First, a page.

MTSU to play host to state’s largest naturalization ceremony
In the year of the 225th anniversary of The Constitution’s signing, Middle Tennessee State University will act as a federal courthouse as 300 new citizens are naturalized on Sept. 17.
The ceremony will be a collaborative effort conducted through the United States District Court for the Middle District of Tennessee, U.S. Citizenship and Immigration Services and the American Democracy Project.
In 2005 as the American Association of State Colleges and Universities was in the process of creating the American Democracy Project, a piece of legislation was in the works to prompt state-funded colleges and universities to celebrate Constitution Day.
“The issue is everybody seems to get the Declaration of Independence but the Constitution, which is in fact the very basis of our entire system, is not up close and personal to most students,” said Mary Evins, associate professor of history and MTSU’s ADP coordinator. “Students love to tout the First and Second Amendments. Everyone wants their freedom of speech, and everyone wants his or her right to bear arms. So then I ask students, disregarding the First and Second Amendments, what else is the constitution about? I get a lot of blank stares.”
At least two MTSU students will take their oath on Monday, including Mayank ‘Mike’ Patel, a senior majoring in biology.
“This country has offered me so much already,” Patel said. “I just can’t wait to be known as an American.”
The American Democracy Project seeks to increase students’ civic involvement by incorporating real world policy issues into the classroom, according to Evins.
“We view higher education as being a three-legged stool, as having three prongs,” Evins said. “It’s considered the three c’s– college completion, career and citizenship. If you forget that third piece, you’re really forgetting the very heart and soul of what education is about.”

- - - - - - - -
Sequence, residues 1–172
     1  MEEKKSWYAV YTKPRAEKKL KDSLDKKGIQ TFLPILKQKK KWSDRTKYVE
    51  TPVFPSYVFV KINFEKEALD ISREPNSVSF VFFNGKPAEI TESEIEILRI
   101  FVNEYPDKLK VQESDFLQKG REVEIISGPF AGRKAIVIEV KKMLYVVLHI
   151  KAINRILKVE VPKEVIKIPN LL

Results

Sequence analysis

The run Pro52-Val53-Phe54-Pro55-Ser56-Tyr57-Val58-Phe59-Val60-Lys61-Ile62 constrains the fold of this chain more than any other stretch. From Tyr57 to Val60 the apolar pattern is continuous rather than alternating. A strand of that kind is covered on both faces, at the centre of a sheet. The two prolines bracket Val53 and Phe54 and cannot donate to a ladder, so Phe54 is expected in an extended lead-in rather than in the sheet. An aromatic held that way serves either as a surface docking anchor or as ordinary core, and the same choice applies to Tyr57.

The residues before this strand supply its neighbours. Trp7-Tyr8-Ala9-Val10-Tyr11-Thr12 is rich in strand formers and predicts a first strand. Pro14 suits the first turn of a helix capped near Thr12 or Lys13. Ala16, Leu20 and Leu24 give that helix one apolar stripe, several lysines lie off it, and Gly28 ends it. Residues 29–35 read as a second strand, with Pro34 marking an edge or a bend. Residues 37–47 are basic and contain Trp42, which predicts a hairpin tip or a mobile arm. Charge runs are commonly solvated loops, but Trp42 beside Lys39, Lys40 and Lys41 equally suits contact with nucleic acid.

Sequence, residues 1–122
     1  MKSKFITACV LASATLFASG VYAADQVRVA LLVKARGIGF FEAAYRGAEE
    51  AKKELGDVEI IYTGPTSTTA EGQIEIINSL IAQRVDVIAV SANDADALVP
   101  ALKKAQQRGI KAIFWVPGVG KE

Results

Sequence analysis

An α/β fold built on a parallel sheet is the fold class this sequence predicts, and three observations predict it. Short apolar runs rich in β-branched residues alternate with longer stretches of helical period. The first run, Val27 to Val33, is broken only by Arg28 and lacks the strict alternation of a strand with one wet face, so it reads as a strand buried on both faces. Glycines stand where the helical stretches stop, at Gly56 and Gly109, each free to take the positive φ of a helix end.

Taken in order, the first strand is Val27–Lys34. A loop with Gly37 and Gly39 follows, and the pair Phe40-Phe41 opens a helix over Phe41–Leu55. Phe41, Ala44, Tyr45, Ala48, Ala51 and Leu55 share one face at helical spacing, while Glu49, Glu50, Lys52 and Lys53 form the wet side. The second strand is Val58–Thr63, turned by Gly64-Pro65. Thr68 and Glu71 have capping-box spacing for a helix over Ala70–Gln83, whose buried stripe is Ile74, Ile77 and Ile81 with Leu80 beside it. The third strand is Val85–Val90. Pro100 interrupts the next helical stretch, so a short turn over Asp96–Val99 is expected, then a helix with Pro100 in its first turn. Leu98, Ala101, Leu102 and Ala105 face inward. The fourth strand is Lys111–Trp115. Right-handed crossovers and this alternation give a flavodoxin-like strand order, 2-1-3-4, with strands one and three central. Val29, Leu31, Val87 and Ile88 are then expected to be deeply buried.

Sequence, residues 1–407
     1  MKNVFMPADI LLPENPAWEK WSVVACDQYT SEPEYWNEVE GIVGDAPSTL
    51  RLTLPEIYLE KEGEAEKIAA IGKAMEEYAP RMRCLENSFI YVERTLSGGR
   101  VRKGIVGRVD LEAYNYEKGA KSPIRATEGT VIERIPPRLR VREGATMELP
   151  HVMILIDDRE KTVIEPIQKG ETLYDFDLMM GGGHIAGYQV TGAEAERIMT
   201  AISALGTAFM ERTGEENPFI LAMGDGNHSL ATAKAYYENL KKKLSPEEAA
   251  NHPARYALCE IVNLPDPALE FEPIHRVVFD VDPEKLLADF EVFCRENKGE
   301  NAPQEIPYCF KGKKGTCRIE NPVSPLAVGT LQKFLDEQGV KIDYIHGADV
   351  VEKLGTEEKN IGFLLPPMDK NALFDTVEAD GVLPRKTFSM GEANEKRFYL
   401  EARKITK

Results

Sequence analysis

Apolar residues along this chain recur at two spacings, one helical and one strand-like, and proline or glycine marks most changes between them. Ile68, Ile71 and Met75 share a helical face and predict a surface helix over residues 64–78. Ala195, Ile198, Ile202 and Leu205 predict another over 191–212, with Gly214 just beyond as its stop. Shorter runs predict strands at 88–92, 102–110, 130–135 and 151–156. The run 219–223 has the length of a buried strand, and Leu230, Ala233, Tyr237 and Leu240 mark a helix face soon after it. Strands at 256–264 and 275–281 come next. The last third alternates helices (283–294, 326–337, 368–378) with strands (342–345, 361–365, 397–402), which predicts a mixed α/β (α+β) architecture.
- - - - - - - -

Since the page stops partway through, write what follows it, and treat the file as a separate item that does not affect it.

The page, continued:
Since arriving at MTSU three years ago, Evins has made ADP and working on the naturalization ceremony a primary focus.
“She’s [Mary Evins] fabulous, she’s probably on a passion level maybe on a scale of 10, she’s a 15 and on commitment level the same thing,” said Faye Johnson, assistant to executive vice president and provost. “That passion, that commitment and that knowledge, really she’s got it all.”
The ceremony on campus is the largest naturalization ceremony in the state’s history, according to a source at the USDC. Naturalization ceremonies are conducted once a week with total 60 new citizens per ceremony.
“I have attended two other naturalization ceremonies,” Johnson said. “The moment for me is when they raise their hands to take their oath, that’s a marker that says clearly and publicly that they have gone from non-citizens to citizens. You have a sense of it: It’s so personal and so intimate.”
Beginning at 9 a.m. to 12:30 p.m. students, faculty and community members can sign up in various buildings on campus to read a portion of the U.S. Constitution.
The Rutherford County Election Commission will be onsite to register the new citizens, as well as those who still want to register prior to the upcoming election– the last to register is Oct. 9.
Events at the Murphy Center will begin at 12:30 p.m. with a reading of the Constitution. The ceremony will begin at 2 p.m. with court being called into session by USDC Magistrate Judge Joe Brown.
Incoming Chief Justice of the Tennessee Supreme Court, Gary Wade, will deliver the keynote address before the new citizens take their oath of national allegiance.
Parking for the events will be available in the lots off Greenland Drive by the Tennessee Livestock Center.
For those who cannot attend, the USCIS has granted MTSU permission to live stream the naturalization ceremony, which can be viewed at http://itsc3.fsa.mtsu.edu/itsc/flash/.